were taken from Kuşunlutepe hill directly behind the amphitheatre. If you
can climb to the top of the hill, it is well worth the 360 degree view
(climb up from the top of the theatre which is built into the hill). More
information about the hill can be found below.
More views from atop the
Not too much has been found on
this hill, contrary to excavators expectations. There are the remains
of a base that may be the foundation of an Athena temple and a rock-cut
sarcophagus and a rock carving with a pedestal. The slope that goes
down to the harbor was a necropolis with the remains of sarcophagi and
There are only two structures
of note: a cistern and a temple-tomb. Click the photos of them below
was carved out of the top of the hill and probably held 630,000
litres of water, enough for 800 people at 4.5 litres per person per
day. Since the population in Hellenistic times was 10 times
that, additional water must have come from wells as there was no
aquaduct yet The cistern is 8 metres deep and 12 metres across
with 13 steps leading to the bottom and it was waterproofed with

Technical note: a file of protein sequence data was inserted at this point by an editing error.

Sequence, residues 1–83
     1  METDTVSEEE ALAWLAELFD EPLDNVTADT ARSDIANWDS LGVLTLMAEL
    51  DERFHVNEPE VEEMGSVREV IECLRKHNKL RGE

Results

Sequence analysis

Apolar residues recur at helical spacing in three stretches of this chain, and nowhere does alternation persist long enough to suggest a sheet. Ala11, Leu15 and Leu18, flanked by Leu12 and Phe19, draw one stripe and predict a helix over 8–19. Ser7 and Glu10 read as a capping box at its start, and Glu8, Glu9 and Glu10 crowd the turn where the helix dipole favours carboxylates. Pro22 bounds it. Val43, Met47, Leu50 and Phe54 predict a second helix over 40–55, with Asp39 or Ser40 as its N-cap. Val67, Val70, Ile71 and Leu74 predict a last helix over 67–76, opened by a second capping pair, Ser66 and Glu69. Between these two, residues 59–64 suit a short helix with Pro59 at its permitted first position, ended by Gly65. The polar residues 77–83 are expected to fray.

plaster. The only other place one can see the same type of
cistern is on the nearby Greek island of Meis (Costellorizo).
The temple-tomb was an impressive
structure with a commanding view and most likely held the body of a
very distinguished person. It sits on a 11 x 13 metres podium
and may have stood 13.5 metres high, crowing the necropolis below
and dating to the Roman era.
Note: Information on this page is from the
book Patara: The History and Ruins of The Capital City of Lycian League
by Dr. Fahri Işıki (head excavator of Patara), Orkun and Ozan Medya
Hizmetleri A.Ş. 2000. I believe this is a limited edition book and
unfortunately I don't know where it can be purchased.